Filed under: Amy Vargas

Missing in a Tropical Paradise, Pt. II: Amy Vargas, Vanished From Cancun

Some people are so obsessed with missing girls they videotape reports on their own TVs

Amy Vargas, age 16, has vanished from a resort in Cancun, Mexico. Vargas, who is half Costa Rican, was visiting the Great Parnassus Resort when she disappeared last Thursday after playing baseball on the beach.

Now her mother, D’an Simmons, is getting ready to plead for a passport that will permit her travel to Mexico, where she will help search for her daughter.

The Dakota High School sophomore was with her grandmother and great-grandmother at the resort. According to the Detroit News, she was no stranger to traveling overseas, having been to both St. Thomas and the Virgin Islands last summer. Vargas is also fluent in Spanish, so was perhaps was better prepared than many teens to travel to Mexico.

Reports as to what Vargas was actually doing prior to her disappearance vary. One said she was playing baseball with others on the beach. Another, earlier report (linked below) stated that the teen was at the pool. Vargas headed to the restroom and never came back. The same report from WDIV in Detroit stated that investigators wanted to speak with a Grand Parnassus employee whom “they believe left the property with the girl and two other men.”

In the WDIV interview, D’an Simmons made it clear that she was sure her daughter did not leave the area willingly.

Ominously, Vargas’s cell phone was apparently turned off after she vanished.

If an American girl missing in a tropical paradise sounds familiar, you may be thinking of Natalee Holloway. Her disappearance from the island of Aruba on May 31, 2005 marked the beginning of one of the most complex and confounding missing persons cases in recent history. Holloway’s disappearance also became a bizarre kind of Internet phenomenon and is probably the case most closely associated with “missing white woman syndrome,” which Wikipedia describes thusly:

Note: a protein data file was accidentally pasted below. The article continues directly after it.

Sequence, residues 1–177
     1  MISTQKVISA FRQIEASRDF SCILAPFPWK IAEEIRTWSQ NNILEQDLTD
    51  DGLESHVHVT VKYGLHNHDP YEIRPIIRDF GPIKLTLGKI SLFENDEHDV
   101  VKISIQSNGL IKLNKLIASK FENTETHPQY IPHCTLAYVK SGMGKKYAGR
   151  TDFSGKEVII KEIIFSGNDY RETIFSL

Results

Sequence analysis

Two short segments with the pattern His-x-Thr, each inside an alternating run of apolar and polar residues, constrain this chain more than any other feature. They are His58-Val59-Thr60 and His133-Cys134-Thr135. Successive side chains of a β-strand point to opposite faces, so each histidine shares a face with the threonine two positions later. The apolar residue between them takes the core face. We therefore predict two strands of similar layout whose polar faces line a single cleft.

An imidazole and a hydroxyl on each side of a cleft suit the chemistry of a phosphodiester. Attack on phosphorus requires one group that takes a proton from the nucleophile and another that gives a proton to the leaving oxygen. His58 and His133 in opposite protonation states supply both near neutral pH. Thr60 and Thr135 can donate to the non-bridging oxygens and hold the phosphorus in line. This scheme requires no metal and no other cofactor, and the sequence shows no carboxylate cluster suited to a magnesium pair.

[The] disproportionately greater degree of coverage in television, radio, and print news reporting of a missing person case involving a young, attractive, middle or upper middle class white woman, compared with cases concerning a missing male, or missing persons of other races or classes.

Amy Vargas, a cute latina teen with a long-term interest in soccer, doesn’t fit the Anglo, often blond stereotype associated with Holloway, but the circumstances surrounding her disappearance are similar, at least on the surface. A quick glance at the website for the Grand Parnassus Resort makes it clear she was in an idyllic place – the sort of resort where your expectations of danger flutter away on the breeze. It would be easy to lose yourself there.

Mexican police, the security team at Grand Parnassus and now the FBI are looking into Amy Vargas’s disappearance.

So are a number of amateurs on the Internet. Missing and white or not, something about missing people promotes obsession, whether you know the vanished or not. It’s the confounding idea that it can happen at all, perhaps, in this day and age. We live in a time when it is easy to feel your every move is being tracked. How, then, can someone suddenly one day just not be there, anymore?

If you think about it, it makes less sense now than ever before.